Why do we need to have beliefs? Our lives are exceedingly complex, and every day we are bombarded with much more information than our conscious minds could ever comfortably handle — life's bandwidth is overwhelming! We avoid the confusion that results from information overload by forming a construct of outer reality in our minds — an internal map or shorthand version of reality. These reality maps are constructed from our beliefs. We might believe, for example, that strangers are not to be trusted, and in holding this belief we no longer need to examine the signals from people we do not know… we can effectively block out this part of life's cacophony. What a relief! In other words, our beliefs create blind spots, so there is less intensity reaching our minds. (That is why belief systems are also called reality tunnels — they produce tunnel vision.)

We all have a natural propensity to create reality maps from the moment we are born; our brains are hardwired for mapmaking. Before the age of about seven, we are laying down the core beliefs about ourselves; early childhood, therefore, has a huge influence over the rest of our lives. Children can be easily molded at a young age, which is why we the Jesuits used to say, "Give me the child before the age of seven, and I will give you the man." However much a rebel or black sheep a person appears to be, it is likely therefore that his or her core beliefs actually reflect those of the parents. (A rebel is most likely rebelling against his or her own core beliefs, which he or she has labeled as undesirable.) As we gain more experience of life, we modify the maps that we have and add to their number.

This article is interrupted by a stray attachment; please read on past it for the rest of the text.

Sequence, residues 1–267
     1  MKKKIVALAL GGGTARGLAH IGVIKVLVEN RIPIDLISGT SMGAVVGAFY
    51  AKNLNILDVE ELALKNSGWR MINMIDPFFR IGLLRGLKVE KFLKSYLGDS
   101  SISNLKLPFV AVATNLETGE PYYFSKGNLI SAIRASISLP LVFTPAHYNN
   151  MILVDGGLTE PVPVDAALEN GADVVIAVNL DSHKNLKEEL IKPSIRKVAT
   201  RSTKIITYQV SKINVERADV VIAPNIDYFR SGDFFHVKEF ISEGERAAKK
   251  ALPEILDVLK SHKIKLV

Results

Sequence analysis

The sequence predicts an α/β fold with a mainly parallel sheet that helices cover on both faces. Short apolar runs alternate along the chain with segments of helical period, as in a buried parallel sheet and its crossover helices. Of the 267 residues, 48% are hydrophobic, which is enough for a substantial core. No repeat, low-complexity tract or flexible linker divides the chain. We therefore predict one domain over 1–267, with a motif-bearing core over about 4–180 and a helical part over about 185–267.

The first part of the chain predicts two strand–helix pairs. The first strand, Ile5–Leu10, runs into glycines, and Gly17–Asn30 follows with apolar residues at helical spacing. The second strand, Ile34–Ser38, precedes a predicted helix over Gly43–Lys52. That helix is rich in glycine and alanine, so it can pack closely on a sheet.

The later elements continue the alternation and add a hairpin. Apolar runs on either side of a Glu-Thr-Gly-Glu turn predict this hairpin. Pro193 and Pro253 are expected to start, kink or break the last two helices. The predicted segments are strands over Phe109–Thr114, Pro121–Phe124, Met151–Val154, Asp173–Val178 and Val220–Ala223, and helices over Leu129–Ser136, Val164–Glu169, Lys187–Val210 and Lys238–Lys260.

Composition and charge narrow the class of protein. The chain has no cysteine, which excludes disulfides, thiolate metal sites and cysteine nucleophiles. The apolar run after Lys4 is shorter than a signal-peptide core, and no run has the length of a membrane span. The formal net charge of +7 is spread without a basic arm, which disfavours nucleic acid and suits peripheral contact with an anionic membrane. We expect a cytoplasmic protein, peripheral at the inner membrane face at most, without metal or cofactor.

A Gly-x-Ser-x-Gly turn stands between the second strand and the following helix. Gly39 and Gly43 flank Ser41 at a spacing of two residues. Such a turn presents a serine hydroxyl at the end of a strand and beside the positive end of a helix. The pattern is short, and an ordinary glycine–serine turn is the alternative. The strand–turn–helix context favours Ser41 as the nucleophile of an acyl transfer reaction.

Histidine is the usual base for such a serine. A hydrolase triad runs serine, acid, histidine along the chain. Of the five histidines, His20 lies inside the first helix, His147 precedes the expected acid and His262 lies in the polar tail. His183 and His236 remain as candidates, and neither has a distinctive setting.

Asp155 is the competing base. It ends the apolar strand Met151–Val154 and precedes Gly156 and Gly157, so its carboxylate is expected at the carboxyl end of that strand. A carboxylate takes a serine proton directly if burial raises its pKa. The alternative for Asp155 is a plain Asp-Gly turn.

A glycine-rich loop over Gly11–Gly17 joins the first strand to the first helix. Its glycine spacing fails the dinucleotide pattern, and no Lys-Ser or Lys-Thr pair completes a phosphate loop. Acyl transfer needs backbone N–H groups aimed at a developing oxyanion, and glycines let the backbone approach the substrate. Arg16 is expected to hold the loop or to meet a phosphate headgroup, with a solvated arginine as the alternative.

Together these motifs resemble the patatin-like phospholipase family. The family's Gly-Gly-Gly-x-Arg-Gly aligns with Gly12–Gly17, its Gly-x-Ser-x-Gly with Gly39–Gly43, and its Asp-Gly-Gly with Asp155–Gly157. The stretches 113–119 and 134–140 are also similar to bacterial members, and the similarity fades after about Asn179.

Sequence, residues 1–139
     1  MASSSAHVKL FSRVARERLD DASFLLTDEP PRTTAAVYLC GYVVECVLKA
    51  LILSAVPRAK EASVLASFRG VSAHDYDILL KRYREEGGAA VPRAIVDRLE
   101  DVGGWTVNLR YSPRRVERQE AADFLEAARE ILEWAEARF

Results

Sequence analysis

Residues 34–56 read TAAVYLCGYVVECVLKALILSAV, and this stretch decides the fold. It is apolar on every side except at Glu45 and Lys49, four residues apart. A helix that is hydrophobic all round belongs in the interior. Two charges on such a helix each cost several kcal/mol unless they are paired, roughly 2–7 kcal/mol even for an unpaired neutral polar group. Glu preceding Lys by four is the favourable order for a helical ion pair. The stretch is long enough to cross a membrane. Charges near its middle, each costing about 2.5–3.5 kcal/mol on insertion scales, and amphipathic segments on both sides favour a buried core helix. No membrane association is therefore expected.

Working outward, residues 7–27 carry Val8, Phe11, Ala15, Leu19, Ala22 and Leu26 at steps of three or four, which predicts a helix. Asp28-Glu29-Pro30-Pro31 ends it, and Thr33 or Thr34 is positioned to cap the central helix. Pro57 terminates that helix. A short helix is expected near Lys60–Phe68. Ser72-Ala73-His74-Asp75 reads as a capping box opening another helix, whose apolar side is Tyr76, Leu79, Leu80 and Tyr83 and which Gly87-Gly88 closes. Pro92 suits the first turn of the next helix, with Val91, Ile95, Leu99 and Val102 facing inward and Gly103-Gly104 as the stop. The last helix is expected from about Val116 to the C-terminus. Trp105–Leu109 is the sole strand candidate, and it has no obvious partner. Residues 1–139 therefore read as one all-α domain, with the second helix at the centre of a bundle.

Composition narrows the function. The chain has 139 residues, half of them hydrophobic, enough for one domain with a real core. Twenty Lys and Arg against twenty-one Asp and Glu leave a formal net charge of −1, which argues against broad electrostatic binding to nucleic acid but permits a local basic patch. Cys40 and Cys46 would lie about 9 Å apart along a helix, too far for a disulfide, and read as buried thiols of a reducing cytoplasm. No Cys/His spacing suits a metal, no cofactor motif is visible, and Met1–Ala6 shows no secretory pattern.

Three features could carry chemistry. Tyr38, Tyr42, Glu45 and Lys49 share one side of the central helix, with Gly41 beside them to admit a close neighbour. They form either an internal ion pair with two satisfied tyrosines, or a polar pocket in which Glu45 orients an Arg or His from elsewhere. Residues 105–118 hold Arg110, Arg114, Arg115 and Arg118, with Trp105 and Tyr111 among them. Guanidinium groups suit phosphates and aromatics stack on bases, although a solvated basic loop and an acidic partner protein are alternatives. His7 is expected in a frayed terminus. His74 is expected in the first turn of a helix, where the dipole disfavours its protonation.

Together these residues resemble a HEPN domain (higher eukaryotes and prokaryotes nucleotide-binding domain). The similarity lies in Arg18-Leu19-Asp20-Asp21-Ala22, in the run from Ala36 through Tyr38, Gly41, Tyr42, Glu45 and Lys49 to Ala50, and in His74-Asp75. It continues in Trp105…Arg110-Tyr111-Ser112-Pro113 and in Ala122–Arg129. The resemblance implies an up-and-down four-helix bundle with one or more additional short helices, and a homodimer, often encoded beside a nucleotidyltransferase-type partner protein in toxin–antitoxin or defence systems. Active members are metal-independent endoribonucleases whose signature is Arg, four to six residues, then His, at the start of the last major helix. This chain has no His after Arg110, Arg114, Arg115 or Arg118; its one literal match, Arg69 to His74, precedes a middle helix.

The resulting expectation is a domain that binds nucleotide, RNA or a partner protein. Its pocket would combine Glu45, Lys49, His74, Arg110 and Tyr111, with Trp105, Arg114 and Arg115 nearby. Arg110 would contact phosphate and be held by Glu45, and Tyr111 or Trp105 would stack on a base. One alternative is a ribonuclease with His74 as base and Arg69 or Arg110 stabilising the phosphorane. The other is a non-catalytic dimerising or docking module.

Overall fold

Our inner maps of reality, of course, involve much more than a single belief. Those who believe that strangers cannot be trusted are likely to also hold many other beliefs consistent to that position: for example, the world is a dangerous place, everybody is always trying to take something from us, only close friends and family can be trusted, etc. In this way a whole internal reality of consistent beliefs is painted. These groups or collections of beliefs are called belief systems — these are the particular maps. (Grand scheme belief systems are often called paradigms.)

So this process of selective perception allows us to practically deal with reality and to keep some level of equanimity (without the information overload). However, systems of reality simulation and approximation come at a price: when using a particular map, we only see what the map or mapmaker shows us; we only see what fits with our beliefs. And that can leave us completely blind to many aspects of our experience (actual studies of perception indicated that we actually filter out about 99.5% or more of experience in this way — we are only consciously aware of 2000 bits of of the 400,000 bits of information that impinge on our perception per second). The classic (and perhaps apocryphal) example of "map blindness" is the reaction of the islanders on Tierra del Fuego to Magellan's ships when they first arrived and anchored out in the bay. Because ships of that size were not on their maps of possibility, they could not see them. They were beyond comprehensibility and therefore perceptibility. They had to learn to see these ships.